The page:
On my way back to the hostel, maybe 10 minutes before getting back I saw a police squad car and some kind of official SUV vehicle (CIA/FBI I don't know) with their lights flashing but no sirens blaring out. They were parked on a corner kind of haphazardly and as I got closer I noticed that no one was in them. I looked around to see if I could see any action but there was nothing to see. After I buried the temptation to jump in the squad car for a free shotgun ala GTA-style, I turned right to carry on my journey - I walked maybe five steps and something caught my eye; I turned my head to the left and there, immobile, half out of an underground parking lot were four black SUVs, two behind two, all full of suited guys with shades on, just staring at me, motionless. Excitement flooded me; should I take a photo? A video? Should I just stand to the side and see what happens? Should I wave? But I knew I couldn't do anything, I had to keep going. For all I knew, the president could have being having a secret lunch somewhere and anyone acting stupidly could be arrested shot or something. I looked back every 10 seconds or so while I walked away down the long street but I saw nothing. Damn. I hate getting a glimpse of action and never finding out what's happening.

Evening time was spent on the netbook and I also visited the hostel's movie room. It has a big 60 inch or so TV and about 20 separate leather (lazy boy style but without the awesome perks) comfy chairs. I spoke to an American guy who was in D.C for a week on leave from the army. He mentioned he'd been in Iraq, I wanted to ask questions but I didn't know the etiquette when it came to questioning people serving in the forces so I didn't bother.

The best thing about the evening was an advert on TV. Perhaps the best advert I've ever seen in my life. I was on my laptop not really watching the adverts when I heard ''Are you single? Are you Christian?'' I looked up. ''Well log on to Christianmingle.com today!'' OH THIS IS AMAZING I thought. The advert went on, ''Some people leave it up to God's good will to decide but now you can find your own partner!'' It went on for the whole advert like this, I was sat there open-mouthed ready to burst out laughing as soon as it finished, waiting, so not to miss any more of this comedy gold. As the advert finished the American guy loudly proclaimed ''WELCOME TO AMERICA BAHAHA!'' Everyone burst out laughing. The whole minute or so was absolute comedy perfection. I honestly could not have made a better parody of such a subject if I tried. Welcome to America indeed!

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Posted by Explorer_T 20:29 Archived in USA Comments (1)

Dead people & full stomachs

Sunday May 8th. Arlington Cemetery.


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Yeah so I missed breakfast again. I was up until 2am the night before so when my alarm went off at 9am I was certainly not in the mood to get up. I eventually got up around 11 again I think and went down to the common room to check Facebook & emails. I Skyped a whole bunch of people; my Dad, little sister Laura, little brother Aidan and step Mum Elaine all came on to talk on the first call. Next I spoke to the girlfriend, my Mum, my sister Elke and step dad Robert. They were just about to eat KFC so Laura enjoyed trying to make me jealous. But I reminded them that I was indeed, Skyping them from Washington D.C = I win.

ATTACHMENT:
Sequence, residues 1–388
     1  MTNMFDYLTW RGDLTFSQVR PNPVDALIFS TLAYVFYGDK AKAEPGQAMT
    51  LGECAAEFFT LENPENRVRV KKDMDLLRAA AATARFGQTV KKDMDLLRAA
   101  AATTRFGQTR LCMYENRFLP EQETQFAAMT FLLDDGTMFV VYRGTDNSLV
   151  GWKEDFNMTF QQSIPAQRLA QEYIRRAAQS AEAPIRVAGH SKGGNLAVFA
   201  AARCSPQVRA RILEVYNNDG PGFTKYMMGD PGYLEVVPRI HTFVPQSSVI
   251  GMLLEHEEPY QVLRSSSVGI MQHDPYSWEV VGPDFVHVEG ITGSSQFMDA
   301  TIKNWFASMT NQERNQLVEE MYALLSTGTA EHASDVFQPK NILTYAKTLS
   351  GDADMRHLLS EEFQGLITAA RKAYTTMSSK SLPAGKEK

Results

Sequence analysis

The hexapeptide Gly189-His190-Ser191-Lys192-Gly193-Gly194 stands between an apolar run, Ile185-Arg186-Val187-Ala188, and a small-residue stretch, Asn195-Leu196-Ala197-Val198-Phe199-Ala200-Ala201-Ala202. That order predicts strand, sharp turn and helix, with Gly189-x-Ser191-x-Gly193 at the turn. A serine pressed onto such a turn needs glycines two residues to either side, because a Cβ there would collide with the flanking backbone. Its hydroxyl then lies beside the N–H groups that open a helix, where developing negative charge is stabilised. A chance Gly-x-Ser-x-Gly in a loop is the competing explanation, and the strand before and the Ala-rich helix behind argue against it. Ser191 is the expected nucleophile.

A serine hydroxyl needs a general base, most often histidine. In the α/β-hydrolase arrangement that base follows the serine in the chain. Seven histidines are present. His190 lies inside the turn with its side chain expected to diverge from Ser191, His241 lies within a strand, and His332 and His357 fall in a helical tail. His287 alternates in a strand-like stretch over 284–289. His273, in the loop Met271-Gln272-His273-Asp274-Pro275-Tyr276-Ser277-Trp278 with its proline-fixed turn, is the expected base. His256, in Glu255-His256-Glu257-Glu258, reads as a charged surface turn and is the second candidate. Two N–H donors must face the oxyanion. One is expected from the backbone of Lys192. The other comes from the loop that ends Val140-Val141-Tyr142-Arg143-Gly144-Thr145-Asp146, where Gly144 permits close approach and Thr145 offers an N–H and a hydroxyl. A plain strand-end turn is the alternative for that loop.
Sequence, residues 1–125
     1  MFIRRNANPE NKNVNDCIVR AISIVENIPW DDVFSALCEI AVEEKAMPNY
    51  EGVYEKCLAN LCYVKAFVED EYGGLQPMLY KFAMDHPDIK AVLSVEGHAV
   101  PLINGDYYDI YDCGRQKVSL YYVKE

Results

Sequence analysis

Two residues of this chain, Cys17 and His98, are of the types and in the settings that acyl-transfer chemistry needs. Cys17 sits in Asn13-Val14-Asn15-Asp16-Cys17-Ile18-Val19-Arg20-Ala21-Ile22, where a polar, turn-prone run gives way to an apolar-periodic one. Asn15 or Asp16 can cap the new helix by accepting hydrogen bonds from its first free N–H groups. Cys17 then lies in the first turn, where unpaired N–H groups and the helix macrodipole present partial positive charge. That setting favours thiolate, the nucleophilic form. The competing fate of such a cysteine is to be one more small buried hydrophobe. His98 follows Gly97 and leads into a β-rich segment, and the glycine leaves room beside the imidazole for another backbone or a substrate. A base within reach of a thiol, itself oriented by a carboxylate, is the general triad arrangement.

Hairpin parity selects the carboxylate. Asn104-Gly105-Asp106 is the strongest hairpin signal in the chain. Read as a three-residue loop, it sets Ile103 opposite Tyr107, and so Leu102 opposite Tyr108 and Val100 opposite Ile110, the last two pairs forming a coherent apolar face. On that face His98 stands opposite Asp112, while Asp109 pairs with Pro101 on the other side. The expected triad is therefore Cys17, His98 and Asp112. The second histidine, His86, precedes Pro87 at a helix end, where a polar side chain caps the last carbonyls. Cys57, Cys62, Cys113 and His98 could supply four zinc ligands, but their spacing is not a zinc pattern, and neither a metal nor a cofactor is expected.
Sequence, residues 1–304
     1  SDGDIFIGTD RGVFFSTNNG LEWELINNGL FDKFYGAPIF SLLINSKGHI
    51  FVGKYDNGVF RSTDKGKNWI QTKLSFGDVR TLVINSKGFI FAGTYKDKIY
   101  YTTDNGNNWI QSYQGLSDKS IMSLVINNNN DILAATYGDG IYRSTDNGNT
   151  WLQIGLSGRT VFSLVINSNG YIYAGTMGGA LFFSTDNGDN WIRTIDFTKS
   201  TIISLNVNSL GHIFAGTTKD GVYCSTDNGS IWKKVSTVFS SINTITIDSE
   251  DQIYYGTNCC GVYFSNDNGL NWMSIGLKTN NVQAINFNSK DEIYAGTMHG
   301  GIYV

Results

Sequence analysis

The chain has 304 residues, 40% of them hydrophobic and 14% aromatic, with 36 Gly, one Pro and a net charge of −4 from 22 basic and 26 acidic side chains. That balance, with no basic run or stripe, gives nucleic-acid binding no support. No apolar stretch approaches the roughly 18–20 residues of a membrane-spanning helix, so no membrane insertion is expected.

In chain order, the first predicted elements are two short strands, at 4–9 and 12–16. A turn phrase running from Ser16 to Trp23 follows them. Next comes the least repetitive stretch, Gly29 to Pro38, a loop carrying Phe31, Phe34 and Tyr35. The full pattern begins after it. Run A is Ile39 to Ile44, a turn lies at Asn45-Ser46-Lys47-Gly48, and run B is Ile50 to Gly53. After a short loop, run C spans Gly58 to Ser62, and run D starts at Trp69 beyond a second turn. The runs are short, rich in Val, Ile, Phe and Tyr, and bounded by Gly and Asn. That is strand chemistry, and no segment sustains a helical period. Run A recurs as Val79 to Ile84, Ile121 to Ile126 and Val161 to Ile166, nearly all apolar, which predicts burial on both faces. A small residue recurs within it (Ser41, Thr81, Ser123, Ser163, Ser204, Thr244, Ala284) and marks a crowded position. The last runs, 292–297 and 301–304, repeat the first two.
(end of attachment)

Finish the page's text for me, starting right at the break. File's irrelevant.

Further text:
Today's mission was to complete what I didn't the previous day - Arlington Cemetery. For those who don't know, this is the place where thousands of American soldiers are buried; from the Civil War, through the World Wars, to Afghanistan and Iraq. President Kennedy is also buried there amongst some other famous names.

The weather was great again today so I donned my sandals and shorts and set off to walk to the cemetery.

I was just across the first road when a girl I recognised from the hostel was walking alongside me. Normally it would be that awkward time when two people are walking at the same speed and you feel like you should either speed up or slow down - how anti-social we are lol. But this is travelling life so I threw out a hello. We chatted for a short while we walked the same way. She was from Switzerland… or Sweden. One of those European countries that everyone (me) mixes up anyway. We parted ways after 5 or 10 minutes and I continued on my own in the baking heat. I strolled past the busy Lincoln Memorial again as the bridge to the cemetery is directly behind it.

The bridge is quite impressive; going over a big river, with lots of keep fit people running over it, planes take off somewhere nearby and therefore pass over the bridge quite low every 10 minutes so or which is pretty cool to see. There was a small area of grass near the entrance to the bridge and a few people were sat reading overlooking the river, and for some reason quite a few male keep fitters chose to stop here to do some abs crunches and various other abs exercises. Probably one of those competitive instances that some men have - as an alpha male American runs by and sees someone exercising;, 'Oh this guy is doing crunches!? I'm gonna get down & do some leg raises! See how the motherf***er likes that!' Maybe that's how the congregation formed I don't know.